Globally invasive scarabs – from the Midway Islands to Milan, Italy

Tuesday, April 5, 2016: 1:30 PM
Neptune Room (Pacific Beach Hotel)
Michael G. Klein , Department of Entomology, The Ohio State University, Heber, AZ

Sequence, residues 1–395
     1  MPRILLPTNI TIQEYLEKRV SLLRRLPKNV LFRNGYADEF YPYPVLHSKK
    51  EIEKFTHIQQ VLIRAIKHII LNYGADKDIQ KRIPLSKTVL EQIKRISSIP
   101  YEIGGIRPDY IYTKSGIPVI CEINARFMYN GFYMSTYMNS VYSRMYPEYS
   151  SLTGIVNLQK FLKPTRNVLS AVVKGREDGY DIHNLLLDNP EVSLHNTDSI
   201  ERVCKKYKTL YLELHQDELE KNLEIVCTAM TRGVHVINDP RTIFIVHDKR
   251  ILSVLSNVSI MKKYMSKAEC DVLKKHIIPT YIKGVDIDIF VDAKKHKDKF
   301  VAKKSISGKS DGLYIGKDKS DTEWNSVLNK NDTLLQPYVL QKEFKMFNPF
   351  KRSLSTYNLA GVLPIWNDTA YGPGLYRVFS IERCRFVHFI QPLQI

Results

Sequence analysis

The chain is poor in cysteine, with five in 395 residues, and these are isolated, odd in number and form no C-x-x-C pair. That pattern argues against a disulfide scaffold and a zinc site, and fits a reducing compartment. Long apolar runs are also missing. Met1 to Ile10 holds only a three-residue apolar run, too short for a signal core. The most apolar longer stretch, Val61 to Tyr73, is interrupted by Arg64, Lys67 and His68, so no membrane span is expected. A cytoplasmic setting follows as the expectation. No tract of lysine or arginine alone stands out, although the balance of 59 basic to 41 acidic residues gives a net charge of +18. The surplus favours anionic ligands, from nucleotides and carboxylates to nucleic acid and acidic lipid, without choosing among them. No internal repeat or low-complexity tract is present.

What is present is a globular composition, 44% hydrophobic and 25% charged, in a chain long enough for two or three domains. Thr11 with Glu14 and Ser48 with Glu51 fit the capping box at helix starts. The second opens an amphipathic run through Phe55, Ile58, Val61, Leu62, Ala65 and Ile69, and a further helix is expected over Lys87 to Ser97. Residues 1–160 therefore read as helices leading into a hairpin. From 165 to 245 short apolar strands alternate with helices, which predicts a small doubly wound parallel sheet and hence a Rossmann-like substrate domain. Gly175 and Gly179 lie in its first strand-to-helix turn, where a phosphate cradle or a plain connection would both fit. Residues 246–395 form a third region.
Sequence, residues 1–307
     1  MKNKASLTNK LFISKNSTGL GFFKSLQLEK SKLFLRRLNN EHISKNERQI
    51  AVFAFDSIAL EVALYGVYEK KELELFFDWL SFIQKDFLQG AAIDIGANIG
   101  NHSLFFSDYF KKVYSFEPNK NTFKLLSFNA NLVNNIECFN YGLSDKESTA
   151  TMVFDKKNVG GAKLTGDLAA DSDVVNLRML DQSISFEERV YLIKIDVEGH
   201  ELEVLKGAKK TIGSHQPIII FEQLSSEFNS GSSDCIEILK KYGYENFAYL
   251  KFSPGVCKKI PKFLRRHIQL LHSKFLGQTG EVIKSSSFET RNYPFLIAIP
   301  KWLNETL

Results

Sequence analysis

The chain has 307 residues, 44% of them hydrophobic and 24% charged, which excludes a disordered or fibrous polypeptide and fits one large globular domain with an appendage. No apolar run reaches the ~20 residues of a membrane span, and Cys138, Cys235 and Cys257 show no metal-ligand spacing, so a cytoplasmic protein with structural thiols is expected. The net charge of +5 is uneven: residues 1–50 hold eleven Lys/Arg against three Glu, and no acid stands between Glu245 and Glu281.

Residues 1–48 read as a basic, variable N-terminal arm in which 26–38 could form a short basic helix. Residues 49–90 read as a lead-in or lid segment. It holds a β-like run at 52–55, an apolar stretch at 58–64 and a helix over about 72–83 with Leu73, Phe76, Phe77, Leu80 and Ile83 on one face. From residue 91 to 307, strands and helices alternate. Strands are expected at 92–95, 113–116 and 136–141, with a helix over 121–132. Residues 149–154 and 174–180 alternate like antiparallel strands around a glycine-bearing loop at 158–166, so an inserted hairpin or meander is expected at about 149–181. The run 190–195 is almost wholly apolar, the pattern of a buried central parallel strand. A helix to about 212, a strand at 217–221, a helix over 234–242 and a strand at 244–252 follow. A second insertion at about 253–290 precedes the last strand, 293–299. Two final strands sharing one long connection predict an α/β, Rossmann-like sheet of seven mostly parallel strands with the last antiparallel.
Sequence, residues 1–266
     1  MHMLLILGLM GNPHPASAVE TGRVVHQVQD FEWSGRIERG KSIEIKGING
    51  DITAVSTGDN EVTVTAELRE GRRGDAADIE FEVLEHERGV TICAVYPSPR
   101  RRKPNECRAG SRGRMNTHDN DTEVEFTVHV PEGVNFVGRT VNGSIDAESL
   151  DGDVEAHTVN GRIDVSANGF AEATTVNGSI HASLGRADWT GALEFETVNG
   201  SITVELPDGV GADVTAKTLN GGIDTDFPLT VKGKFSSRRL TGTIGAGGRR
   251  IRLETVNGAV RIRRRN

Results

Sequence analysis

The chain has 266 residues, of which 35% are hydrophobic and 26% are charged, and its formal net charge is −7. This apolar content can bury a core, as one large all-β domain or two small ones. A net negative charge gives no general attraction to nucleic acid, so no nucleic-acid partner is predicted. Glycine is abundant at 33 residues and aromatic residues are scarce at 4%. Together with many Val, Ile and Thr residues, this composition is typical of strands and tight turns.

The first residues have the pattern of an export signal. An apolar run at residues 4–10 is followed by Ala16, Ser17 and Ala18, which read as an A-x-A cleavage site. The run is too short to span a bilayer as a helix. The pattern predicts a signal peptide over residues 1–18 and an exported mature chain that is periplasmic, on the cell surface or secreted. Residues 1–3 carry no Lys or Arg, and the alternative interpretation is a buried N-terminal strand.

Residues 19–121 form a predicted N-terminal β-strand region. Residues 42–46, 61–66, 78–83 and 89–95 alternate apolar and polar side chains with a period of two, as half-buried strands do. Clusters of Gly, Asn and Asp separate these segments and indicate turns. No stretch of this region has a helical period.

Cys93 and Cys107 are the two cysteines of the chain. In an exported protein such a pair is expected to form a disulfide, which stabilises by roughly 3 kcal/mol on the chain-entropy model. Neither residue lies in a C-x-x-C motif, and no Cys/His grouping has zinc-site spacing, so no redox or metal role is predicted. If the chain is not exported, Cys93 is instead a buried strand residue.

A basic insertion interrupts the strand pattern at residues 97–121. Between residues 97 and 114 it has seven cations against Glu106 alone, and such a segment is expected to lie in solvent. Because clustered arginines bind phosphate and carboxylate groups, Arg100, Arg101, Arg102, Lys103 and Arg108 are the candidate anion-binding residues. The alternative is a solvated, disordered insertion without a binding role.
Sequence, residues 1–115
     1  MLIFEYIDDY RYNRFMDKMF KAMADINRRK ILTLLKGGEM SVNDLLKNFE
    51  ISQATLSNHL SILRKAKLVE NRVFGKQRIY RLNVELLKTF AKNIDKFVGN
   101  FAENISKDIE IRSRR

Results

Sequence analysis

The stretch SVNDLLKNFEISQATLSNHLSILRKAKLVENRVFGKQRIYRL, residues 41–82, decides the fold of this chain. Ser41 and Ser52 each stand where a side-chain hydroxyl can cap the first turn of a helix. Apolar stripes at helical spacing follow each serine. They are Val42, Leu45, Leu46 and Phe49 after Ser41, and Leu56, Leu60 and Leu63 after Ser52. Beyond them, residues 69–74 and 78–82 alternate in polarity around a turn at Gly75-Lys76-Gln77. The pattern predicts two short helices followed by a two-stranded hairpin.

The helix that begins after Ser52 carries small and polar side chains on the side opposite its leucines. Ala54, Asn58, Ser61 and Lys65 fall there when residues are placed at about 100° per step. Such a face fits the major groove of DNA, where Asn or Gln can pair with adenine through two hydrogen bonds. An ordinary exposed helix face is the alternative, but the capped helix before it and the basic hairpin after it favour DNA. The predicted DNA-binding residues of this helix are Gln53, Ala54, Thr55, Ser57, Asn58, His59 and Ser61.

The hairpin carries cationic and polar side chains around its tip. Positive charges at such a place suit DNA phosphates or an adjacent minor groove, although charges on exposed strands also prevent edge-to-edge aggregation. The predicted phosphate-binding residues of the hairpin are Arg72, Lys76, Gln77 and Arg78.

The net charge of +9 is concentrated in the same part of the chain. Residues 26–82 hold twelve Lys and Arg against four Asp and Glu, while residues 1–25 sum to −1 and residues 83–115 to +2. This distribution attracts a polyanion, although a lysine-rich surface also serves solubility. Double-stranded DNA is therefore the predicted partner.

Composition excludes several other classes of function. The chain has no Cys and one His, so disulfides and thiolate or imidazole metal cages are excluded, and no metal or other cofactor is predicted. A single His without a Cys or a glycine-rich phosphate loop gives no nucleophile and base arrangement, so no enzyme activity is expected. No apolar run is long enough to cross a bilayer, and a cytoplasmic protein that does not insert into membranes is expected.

Scarab beetles are viewed in various parts of the world as sacred, beautiful and interesting, or destructive and repulsive. In Japan, one or two Japanese beetles, Popillia japonica Newman, are considered lucky because of their beautiful dress, but the eight million Japanese beetles captured in traps in northern Italy probably did not bring forth cries of bella, bella!! Traps and lures are at the forefront of any eradication program to delineate the population. For instance, California deploys over 10,000 (2/mi2) Japanese beetle traps per year to find any invading beetles, and then uses 50 traps per mile2 to map the distribution. However, mass trapping of beetles has not been a successful eradication method, and that tactic plus microbial pesticides failed to keep the Japanese beetle from reaching most of the Azores Islands. On the other hand, lures were an important component in removing the “Midway emerald beetle”, Protaetia pryeri (Janson), with program using traps, a larval insecticide and destruction of larval habitat on the islands of the Midway Atoll. Normally, killing larvae with an insecticide, or some other agent, is the backbone of scarab eradication programs. A procedure of treating 200 meters around every trap find has recently eradicated populations of the Japanese beetle in western Colorado and Utah, and has eradicated beetle populations in Oregon, California, and New Mexico in the past. It is possible that mating disruption with the racemic blend of Japonilure, could be an important addition to eradication efforts and replace foliar insecticide treatments.
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